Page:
Counterpoint: Why EV drivers should gladly pay for public charging

by Ned Funnell on June 21, 2016

This is a guest post brought to you by EV enthusiast and fellow electric motorcycle builder Ned Funnell. He’s an engineer-turned-missionary who appreciates the simplicity and efficiency of electric drive, and doesn’t mind cleaner air for his 9-month-old. 

Demystifying the Slow Growth of the Fast Charging Network- or, Why EV drivers should gladly pay for public charging

Requests and pleas for wider distribution of DC Fast Charging, also known as Level 3 charging, are common. So too, are complaints about the high costs of charging at many of these facilities. If the consumer demand is there, why aren’t businesses rushing to sell electricity to begging EV drivers? Let’s take a closer look into what this issue looks like from the inside.

The key concept in operating an EV fast charging station is Demand. It’s something that the average person doesn’t know about, since power companies typically bill residences simply for total usage. Demand is how much power a site such as an office, factory, school, or DC fast charger uses at its very peak moment of use. For small consumers like homes and small businesses, Demand is both comparatively small, and more or less predictable- the power company doesn’t try to measure and charge for it. At home, it doesn’t matter to us when we use power, only how much it adds up to in the end.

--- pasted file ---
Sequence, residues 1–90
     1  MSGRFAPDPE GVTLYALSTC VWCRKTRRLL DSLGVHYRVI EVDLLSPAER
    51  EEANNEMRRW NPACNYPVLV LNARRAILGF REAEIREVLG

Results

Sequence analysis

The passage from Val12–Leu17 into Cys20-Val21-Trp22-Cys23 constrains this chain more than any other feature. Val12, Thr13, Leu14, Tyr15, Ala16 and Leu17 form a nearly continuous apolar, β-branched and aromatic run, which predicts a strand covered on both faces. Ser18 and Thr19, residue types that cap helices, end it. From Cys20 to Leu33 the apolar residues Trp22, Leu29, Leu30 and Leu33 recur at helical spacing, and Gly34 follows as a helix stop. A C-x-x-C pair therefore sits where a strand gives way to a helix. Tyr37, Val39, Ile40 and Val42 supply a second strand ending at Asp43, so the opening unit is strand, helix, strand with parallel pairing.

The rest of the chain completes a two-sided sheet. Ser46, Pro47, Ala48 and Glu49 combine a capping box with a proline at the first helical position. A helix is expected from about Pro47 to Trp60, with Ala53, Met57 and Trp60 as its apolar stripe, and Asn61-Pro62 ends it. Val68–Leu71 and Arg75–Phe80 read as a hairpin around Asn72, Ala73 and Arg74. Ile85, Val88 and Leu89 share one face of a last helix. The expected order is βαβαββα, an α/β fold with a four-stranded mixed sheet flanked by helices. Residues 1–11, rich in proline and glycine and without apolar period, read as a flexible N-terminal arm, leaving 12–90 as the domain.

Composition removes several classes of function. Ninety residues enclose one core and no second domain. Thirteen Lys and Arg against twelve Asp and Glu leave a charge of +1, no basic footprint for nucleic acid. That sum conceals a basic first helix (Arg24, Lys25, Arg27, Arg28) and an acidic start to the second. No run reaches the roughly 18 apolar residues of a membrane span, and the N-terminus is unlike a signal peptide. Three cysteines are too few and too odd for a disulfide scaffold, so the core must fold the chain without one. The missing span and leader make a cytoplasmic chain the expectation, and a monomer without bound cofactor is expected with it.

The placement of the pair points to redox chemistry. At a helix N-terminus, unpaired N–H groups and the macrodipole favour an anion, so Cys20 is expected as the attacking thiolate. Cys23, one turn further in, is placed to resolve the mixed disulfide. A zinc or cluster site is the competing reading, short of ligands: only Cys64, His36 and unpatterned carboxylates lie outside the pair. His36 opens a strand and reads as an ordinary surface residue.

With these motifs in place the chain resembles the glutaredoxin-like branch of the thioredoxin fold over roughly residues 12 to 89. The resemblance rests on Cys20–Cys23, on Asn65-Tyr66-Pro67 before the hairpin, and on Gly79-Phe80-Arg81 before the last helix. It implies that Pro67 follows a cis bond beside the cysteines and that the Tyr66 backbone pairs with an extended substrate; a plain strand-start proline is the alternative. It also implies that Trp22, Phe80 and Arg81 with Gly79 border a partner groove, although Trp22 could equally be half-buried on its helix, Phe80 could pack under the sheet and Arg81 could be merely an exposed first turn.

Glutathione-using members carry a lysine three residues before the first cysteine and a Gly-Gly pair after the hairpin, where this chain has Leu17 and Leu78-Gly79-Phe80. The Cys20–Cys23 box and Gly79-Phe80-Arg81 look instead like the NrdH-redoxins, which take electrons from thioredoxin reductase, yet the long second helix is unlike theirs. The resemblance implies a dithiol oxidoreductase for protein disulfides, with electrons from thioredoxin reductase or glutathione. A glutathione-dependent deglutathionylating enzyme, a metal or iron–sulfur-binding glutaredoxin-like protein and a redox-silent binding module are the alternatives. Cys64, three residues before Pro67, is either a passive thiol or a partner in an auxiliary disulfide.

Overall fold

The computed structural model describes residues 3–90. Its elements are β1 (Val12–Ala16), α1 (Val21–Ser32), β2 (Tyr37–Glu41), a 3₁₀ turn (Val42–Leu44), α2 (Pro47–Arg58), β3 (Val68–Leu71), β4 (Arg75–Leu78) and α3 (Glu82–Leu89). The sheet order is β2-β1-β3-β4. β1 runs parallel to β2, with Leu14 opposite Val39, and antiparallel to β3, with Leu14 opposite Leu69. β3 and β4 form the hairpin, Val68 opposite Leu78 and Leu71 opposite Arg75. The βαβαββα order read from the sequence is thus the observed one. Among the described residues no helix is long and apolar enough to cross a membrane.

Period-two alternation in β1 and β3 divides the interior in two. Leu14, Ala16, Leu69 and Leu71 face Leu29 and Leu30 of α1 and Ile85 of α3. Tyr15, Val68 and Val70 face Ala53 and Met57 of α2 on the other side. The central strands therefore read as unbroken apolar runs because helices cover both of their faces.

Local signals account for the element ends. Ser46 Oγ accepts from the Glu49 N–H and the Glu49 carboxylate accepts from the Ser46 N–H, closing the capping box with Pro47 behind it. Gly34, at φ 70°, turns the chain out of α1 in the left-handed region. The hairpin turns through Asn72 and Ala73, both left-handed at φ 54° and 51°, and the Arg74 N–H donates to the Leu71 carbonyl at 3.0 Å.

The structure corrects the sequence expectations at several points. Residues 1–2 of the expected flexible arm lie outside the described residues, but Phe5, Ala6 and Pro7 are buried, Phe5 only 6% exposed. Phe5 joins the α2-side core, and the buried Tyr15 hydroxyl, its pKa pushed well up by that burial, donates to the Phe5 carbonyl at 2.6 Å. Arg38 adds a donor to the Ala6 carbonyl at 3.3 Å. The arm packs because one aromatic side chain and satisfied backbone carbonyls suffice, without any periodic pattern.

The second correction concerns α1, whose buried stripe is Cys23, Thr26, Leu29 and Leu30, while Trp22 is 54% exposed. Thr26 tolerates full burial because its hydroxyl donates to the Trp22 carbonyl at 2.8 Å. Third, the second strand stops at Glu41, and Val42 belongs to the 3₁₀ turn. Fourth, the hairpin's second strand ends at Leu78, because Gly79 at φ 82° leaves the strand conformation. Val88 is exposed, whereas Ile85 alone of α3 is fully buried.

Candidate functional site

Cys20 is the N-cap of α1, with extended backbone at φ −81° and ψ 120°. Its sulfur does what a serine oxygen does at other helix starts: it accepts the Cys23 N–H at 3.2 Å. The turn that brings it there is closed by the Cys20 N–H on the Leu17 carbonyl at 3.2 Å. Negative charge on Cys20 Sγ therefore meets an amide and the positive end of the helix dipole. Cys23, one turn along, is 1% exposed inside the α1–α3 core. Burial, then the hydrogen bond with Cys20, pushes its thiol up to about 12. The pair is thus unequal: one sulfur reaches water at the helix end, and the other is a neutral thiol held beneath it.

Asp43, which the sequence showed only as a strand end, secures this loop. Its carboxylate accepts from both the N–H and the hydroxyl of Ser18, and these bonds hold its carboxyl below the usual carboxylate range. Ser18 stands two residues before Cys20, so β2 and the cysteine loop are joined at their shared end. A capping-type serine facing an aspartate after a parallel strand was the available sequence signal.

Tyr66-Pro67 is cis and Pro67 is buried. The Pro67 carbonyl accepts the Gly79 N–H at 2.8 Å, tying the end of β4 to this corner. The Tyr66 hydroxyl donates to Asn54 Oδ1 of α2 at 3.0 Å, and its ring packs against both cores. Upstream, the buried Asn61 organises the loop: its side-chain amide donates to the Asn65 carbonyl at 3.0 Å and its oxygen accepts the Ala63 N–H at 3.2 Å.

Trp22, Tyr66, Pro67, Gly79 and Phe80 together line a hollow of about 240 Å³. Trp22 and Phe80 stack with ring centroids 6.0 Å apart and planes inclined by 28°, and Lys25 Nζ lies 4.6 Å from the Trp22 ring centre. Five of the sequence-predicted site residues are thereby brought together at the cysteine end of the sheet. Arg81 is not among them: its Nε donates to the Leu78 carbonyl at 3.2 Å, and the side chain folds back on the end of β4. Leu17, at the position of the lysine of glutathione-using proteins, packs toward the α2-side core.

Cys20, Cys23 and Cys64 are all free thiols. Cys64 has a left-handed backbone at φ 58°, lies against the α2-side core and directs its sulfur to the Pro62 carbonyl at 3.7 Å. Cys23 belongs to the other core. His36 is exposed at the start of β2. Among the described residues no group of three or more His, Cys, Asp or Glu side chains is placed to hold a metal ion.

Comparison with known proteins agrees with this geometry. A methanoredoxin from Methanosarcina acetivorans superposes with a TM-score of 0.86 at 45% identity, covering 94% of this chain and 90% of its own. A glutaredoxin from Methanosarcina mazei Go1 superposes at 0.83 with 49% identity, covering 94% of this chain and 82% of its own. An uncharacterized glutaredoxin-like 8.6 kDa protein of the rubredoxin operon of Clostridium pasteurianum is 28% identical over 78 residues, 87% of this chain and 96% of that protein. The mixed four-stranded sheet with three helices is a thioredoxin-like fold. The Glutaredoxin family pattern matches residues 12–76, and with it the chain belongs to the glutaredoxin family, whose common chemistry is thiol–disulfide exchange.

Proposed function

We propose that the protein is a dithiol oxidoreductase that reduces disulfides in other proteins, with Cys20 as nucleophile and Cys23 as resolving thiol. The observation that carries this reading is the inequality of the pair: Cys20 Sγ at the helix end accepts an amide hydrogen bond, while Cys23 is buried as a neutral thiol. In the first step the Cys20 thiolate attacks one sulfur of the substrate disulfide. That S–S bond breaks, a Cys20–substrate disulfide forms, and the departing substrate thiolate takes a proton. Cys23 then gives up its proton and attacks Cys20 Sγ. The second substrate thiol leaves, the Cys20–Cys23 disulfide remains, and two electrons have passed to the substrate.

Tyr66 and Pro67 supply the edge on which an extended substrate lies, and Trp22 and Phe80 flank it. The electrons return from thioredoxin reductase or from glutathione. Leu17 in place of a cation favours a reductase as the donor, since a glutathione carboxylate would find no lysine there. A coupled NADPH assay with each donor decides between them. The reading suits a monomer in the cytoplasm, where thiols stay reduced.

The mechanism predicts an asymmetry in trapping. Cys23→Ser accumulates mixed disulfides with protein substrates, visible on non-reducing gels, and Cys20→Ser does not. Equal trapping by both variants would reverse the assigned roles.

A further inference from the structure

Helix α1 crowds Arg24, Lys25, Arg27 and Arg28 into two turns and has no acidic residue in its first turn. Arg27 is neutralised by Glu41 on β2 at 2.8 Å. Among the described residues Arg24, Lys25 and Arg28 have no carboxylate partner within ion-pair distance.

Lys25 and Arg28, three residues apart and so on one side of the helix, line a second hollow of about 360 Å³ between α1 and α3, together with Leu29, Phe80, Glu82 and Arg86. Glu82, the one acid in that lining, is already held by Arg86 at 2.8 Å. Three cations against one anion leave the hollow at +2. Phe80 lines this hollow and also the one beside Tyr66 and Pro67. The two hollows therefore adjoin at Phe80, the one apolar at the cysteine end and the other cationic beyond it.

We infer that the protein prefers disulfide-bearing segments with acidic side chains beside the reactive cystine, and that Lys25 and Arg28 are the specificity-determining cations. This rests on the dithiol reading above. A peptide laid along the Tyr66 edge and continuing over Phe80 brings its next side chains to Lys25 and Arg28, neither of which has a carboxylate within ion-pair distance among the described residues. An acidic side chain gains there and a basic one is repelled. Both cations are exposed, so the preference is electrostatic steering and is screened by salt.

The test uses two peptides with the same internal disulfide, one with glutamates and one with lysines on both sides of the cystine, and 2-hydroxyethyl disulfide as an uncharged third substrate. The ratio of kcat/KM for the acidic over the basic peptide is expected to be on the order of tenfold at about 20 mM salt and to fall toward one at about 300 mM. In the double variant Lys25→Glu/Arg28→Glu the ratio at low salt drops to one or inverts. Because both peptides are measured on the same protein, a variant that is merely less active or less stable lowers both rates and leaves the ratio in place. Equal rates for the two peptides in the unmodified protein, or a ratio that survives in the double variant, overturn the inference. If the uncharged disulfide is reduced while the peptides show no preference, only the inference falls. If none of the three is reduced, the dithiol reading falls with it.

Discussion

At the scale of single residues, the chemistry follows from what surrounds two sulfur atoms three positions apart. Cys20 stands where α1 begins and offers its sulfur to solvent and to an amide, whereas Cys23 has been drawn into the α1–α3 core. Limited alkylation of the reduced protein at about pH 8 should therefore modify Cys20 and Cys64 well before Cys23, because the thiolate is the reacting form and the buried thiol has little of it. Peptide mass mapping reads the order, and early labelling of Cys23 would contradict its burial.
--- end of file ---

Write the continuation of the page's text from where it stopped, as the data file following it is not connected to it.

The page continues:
To understand the other end of the spectrum, let’s look at a worst-case scenario demand user: electric steel mills. These mills use (demand) thousands of kilowatts, but do it in spurts of several hours, then shut off. That’s a large fraction of an entire power plant, being turned on and off. Traditional power plants cannot instant start making much more or much less electricity to respond to these changes; they have to ramp up and down slowly. The steel mill suddenly demanding several megawatts and then suddenly shutting it off would cause mayhem at the power company, if not for the close communication between Demand-heavy sites and the power company. Managing and meeting Demand is the power company’s primary concern.

Utilities have to build big, expensive power plants to cover the maximum, worst-case demand for power - not just an average. Image credit: Shell. Utilities have to build big, expensive power plants to cover the maximum, worst-case demand for power – not just an average.Image credit: Shell.


Demand is also a matter of dollars- the steel mill (or any business larger than a Walgreens) pays not only for the amount of electricity they use, but also a Demand Charge. This is based on how much they use at once. The power company is essentially charging for the privilege of having large amounts of electricity available when needed, because it costs the utility more to provide. To balance things out, the business pays less per kilowatt-hour (kWh), which is the measure of how much electricity was used.